What mark appears on the frame of industrial-certified safety glasses?


Understanding the markings on your safety glasses will help you know what your glasses protect you from. Markings can feel overwhelming when it comes to industrial quality safety glasses. However, it’s crucial for both personal and professional safety. Let’s break this down into easy-to-understand pieces, ensuring you can make an informed choice about your eye protection.

Different Types of Ratings

Safety glasses are primarily evaluated based on their ability to withstand impact, optical clarity, and sometimes their resistance to chemicals or radiation. The most common standards you’ll encounter are set by the American National Standards Institute (ANSI) and the European Committee for Standardization (EN).

ANSI Z87.1

This is a prevalent standard in the United States. Glasses that meet or exceed this standard are marked with “Z87” (standard impact) or “Z87+” (high impact) on the frame or lens. The “+” indicates a higher level of protection against high-velocity impacts.

EN 166

This European standard is similar to ANSI’s, with ratings for basic (S), increased (F), high (B), and very high (A) energy impacts. Frames and lenses meeting this standard will have “EN 166” followed by a letter indicating the level of protection.

Military Ballistic Standards

Some glasses meet military ballistic standards for highly hazardous environments, offering even higher levels of impact protection. These are often marked with “MIL-PRF-31013” for spectacles or “MIL-DTL-43511D” for goggles, indicating compliance with military specifications.


Markings on Frames

On the frame of industrial quality safety glasses, the markings provide a quick reference to the level of protection offered. For ANSI Z87.1 compliant glasses, look for:


Indicates basic impact resistance. Suitable for general protection against flying debris and particles.


Signifies high-impact resistance. These are recommended for high-risk environments where high-speed particles or objects pose a threat.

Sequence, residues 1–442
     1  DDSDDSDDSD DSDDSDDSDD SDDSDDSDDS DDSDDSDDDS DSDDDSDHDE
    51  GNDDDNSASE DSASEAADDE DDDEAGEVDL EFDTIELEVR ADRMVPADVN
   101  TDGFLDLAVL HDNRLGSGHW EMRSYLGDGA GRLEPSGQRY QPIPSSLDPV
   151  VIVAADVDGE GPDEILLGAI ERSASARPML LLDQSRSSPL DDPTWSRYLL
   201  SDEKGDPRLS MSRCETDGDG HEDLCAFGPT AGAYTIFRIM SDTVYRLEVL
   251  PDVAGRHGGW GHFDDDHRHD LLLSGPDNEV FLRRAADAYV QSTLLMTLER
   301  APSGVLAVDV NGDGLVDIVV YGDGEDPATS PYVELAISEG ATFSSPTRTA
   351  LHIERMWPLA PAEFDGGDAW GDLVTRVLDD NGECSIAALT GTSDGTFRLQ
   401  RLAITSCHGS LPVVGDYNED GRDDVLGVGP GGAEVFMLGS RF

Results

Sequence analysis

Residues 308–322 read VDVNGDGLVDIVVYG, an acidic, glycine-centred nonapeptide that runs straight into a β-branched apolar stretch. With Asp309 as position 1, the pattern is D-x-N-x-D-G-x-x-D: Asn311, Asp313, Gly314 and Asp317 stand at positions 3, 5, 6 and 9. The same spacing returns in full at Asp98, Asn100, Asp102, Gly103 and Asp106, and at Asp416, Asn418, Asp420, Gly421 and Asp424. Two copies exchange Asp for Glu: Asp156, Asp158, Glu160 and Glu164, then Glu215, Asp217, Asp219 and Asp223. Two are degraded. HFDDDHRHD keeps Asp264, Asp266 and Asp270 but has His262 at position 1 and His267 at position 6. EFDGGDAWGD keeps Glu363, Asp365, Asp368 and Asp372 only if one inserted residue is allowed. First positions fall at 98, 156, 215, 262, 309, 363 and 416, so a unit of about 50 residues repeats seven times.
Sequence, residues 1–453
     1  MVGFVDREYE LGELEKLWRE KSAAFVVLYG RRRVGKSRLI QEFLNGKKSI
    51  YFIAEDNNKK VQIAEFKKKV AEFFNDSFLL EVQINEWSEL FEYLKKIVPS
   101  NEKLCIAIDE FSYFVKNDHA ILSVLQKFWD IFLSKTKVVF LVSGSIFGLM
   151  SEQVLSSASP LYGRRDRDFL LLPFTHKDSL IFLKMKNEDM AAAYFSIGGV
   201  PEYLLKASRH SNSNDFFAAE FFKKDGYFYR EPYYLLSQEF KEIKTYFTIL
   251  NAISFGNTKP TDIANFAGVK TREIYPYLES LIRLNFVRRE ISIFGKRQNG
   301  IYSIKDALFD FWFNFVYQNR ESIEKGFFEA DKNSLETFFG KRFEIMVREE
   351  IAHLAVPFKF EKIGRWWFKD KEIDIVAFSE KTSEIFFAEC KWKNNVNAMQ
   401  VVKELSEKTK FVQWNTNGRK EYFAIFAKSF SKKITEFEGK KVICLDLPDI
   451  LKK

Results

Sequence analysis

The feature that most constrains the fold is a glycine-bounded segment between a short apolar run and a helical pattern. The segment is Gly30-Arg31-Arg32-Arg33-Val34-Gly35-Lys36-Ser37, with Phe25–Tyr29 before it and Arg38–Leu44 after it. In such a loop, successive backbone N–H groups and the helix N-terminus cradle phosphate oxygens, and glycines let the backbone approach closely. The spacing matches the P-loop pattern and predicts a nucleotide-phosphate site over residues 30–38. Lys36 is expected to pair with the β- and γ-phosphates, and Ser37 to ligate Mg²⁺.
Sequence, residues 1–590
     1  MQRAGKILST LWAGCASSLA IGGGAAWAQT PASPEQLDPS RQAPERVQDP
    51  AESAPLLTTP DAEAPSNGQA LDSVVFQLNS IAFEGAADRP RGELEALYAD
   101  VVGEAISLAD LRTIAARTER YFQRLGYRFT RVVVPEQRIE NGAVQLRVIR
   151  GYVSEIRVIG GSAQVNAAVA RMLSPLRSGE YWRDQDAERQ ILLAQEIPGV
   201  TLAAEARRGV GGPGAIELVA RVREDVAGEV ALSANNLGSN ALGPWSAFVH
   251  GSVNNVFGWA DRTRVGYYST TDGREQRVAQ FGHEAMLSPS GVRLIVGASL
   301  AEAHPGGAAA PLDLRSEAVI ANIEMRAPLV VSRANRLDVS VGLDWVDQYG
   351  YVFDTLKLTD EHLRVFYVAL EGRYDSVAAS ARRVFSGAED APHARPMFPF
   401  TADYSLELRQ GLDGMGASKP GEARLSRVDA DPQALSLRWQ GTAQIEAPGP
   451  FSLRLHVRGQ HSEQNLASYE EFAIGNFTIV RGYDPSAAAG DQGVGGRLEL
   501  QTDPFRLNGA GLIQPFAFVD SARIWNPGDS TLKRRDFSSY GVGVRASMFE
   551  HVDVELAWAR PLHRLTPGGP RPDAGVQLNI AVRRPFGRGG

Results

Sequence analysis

Lens Markings

Besides the frame, lenses might also have markings indicating additional protections, such as “U” for UV protection, “L” for light filtering, or “W” for welding applications.

Understanding the Ratings – Simplified

Basic Impact (Z87)

These glasses are your standard safety glasses. They’ll protect your eyes from dust, debris, and low-speed impacts — ideal for most shop work or general construction.

High Impact (Z87+)

These are your heavy-duty protectors. If you’re working with power tools, heavy machinery, or in environments where high-speed particles are a concern, these are your go-to.

EN Standards

For those in Europe, EN 166 provides a similar tier of protection, from basic to very high energy impacts. The specific letter marking (S, F, B, A) will guide you to the right choice based on your risk level.

Military Standards

For the ultimate protection, especially in tactical or extreme industrial environments, look for military-grade markings. Designed to withstand ballistic impacts, often used by law enforcement and military personnel.

Safety Eyewear Standards:
ANSI vs. EN166 Explained

Watch Video

In conclusion, understanding the markings on your safety glasses can make a huge difference in ensuring eye protection. Whether you’re in a low-risk environment requiring basic impact protection or a high-risk area where high impact resistance is necessary, there’s a pair of safety glasses designed to meet your needs. When selecting your next pair of industrial-quality safety glasses, always look for these crucial markings to ensure your eyes are well-protected against potential hazards.


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